Electrolux announces Scandicci refrigerator factory closure

By Chris Nicholls

STOCKHOLM: Electrolux has announced the closure of its Scandicci refrigerator plant in Italy, citing a reduction in competitiveness over recent years.

Electrolux said the decision came after an investigation started in February this year into their Italian refrigerator factory’s efficiencies. The investigation was prompted by rapid production capacity growth in Eastern Europe and Asia, combined with increased global competition, leading to “strong price pressure and subsequently a decline in margins,” the company said.

“The competitiveness of our Italian refrigerator plants has been weakening for several years, which is why we decided to carry out this investigation,” said European major appliances operations senior vice president, Ernesto Ferrario.

“We are confident that the conclusions from the investigation, when implemented, will increase our competitiveness and profitability in the refrigeration business,” he said.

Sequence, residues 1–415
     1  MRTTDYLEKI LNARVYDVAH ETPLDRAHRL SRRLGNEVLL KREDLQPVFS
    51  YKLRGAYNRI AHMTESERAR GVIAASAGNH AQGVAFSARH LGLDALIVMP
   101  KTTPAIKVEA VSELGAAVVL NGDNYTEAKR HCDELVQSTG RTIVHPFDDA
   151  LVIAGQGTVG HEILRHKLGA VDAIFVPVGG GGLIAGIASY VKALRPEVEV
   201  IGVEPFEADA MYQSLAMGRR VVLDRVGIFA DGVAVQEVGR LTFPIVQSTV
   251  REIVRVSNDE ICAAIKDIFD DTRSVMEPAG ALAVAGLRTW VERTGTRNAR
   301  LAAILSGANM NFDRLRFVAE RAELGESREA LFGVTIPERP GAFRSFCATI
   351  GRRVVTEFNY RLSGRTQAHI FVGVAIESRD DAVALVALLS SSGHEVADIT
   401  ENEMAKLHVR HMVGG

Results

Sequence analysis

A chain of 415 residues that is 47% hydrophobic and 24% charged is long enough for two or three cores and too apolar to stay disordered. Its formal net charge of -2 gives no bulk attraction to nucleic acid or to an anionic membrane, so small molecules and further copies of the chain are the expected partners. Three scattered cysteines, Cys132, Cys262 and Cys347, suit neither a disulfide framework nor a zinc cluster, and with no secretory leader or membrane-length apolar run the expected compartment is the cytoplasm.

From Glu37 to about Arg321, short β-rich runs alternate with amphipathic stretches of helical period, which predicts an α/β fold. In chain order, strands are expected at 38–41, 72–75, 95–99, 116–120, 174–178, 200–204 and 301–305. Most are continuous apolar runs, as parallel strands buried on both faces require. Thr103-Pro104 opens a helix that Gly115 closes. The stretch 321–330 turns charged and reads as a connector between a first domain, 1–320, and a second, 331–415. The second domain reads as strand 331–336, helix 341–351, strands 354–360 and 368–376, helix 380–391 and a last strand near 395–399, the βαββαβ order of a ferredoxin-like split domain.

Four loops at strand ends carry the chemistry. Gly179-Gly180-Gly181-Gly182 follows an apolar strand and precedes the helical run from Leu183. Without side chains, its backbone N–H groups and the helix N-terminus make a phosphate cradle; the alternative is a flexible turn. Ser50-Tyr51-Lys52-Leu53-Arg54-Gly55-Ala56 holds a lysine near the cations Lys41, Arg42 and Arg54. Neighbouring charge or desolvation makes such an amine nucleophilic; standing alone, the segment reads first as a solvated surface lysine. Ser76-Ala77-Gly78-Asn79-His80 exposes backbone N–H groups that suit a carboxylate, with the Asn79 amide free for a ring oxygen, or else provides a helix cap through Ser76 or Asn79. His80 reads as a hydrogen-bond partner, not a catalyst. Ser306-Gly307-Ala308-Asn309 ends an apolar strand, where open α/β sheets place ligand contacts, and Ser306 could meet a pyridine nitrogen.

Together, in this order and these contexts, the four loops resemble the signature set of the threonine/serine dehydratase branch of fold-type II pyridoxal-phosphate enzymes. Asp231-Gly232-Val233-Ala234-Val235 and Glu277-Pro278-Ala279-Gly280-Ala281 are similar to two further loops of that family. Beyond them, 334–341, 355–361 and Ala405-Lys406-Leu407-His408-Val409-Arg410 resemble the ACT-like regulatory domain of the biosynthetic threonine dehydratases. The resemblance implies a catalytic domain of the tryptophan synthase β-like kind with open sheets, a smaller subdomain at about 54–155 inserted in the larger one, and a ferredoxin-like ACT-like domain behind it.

The company will now look to its Susegana plant to continue building fridges in Italy, investing additional money to raise productivity and efficiency.

The Scandicci plant will not close until the second half of 2009, but when it does, 450 employees at the Scandicci plant will be out of work. And, despite the extra investment in it, approximately 300 workers at the Susegana plant will lose their jobs. Electrolux said it will try and help those affected by using outplacement services and in the re-industrialisation of the Scandicci factory.

The restructuring will incur a total cost of approximately 600 million Kronor (AU$105 million), of which 540 million will be taken as a charge against operating income in the second quarter of 2008. A spokesperson for Electrolux Europe told Reuters news service the company expected to save approximately 200 million Kronor (AU$32 million) a year after the closure.

Australian refrigerator supplies will not be affected, a spokesperson said, as Electrolux still manufactures refrigerators for the local market at its Orange factory.

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